I don't want to sound too optimistic. Even if we uncover and decipher all the causes of aging, many more decades will pass before we can deal with them effectively. We have seen how complex the body's operating system is, and how careful we must be to play with it with our eyes closed. But these concerns should not cloud the final point: aging is a molecular process that occurs in the body, and there is no reason why we cannot prevent it in the future. For this, we will have to 'just' stand up against hundreds of millions of years of evolution, which shaped our bodies to be temporary. In doing so, we will continue the process of rebellion in nature that began when we used sharp stones instead of claws, and we used the power of fire to soften meat, as a replacement for the sharp teeth we possessed other predators.

Will the day come when we will be able to delay and even stop the aging process?

This question is unnecessary for me. This day will indeed come, of that I have no doubt.

The more important question, for me and for all of us, is when.

More of the topic in Hayadan:
"Longevity" series by Dr.Roey Tsezana
Longevity - Part One: The Road to Eternal LifePart two - the evolution that killed me
To stop death - third part in the series, "longevity of life": the hunger for life
Longevity, Part 4 When Breathing Kills: Free Radicals and Aging
Keeping death at bay: the telomere theory. Fifth article in the longevity series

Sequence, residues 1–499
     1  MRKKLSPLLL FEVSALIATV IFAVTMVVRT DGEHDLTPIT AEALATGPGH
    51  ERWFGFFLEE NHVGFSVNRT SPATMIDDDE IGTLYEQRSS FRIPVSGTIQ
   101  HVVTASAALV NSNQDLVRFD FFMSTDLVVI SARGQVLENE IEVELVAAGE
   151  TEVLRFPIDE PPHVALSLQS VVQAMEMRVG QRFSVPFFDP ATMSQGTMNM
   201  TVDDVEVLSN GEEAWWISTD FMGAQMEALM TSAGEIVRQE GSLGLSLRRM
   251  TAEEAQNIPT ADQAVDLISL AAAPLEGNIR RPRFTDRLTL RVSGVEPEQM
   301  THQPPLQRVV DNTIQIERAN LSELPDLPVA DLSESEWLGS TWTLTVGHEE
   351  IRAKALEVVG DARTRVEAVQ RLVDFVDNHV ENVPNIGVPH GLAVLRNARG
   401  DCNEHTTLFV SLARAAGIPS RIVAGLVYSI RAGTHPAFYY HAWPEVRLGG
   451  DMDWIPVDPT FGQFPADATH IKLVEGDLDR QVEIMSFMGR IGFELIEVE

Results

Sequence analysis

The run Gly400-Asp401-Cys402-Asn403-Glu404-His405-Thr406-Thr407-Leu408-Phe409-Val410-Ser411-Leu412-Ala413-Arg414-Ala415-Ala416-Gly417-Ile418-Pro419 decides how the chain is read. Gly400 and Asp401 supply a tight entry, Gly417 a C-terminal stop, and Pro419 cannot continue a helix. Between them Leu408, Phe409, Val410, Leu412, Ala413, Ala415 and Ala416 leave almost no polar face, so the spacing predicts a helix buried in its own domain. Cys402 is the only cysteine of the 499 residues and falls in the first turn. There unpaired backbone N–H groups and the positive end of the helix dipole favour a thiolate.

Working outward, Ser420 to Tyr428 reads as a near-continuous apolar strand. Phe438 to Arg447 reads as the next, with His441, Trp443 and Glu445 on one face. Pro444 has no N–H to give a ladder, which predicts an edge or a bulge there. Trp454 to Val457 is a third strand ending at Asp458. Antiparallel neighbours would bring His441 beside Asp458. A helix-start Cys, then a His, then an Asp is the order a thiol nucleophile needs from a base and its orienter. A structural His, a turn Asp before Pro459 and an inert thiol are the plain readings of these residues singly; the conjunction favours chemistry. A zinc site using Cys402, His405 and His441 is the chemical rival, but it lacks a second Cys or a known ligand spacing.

Towards an immortal life by Dr. Aharon Hauptman

12 תגובות

  1. By the way, why worms?
    An extremely short lifespan allows checking changes in lifespan in a reasonable amount of time.
    Similar experiments in more developed animals may provide results for our great-grandchildren P:

  2. "Maybe…",

    not so complicated.
    Worms were engineered for them without the ability to produce enzymes with antioxidant properties. According to the theory that aging is a result of oxidation, less antioxidants = more oxidative damage = faster aging = shorter life.

    Miraculously, the life span of the worms did not change and in certain situations was extended by 30% (when only one SOD gene is turned off).

    Because the theory of "aging is caused by oxidation" is at odds with the results. It is either incomplete or wrong. Of course there is no proof here for anything in particular that we are not worms. But science does not exist on proofs but on the inability to disprove a theory. And the results of this experiment definitely put a stick in the wheels of the theory in question. All this happened according to my best memory in 2006, I can't really find any continuity to this line of research.

  3. By the way, who taught you and translated you into a different language? I did not understand